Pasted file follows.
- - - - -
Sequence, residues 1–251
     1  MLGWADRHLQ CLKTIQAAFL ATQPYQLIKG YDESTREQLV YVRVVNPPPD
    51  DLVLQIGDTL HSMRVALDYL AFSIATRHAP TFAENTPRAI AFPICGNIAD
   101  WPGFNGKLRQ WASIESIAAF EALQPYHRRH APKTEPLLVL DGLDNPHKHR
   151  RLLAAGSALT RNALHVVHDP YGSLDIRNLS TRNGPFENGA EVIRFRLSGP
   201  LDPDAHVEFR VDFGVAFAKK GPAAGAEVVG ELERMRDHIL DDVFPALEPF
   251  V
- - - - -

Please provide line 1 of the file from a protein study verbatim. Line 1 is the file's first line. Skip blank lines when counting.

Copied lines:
Sequence, residues 1–251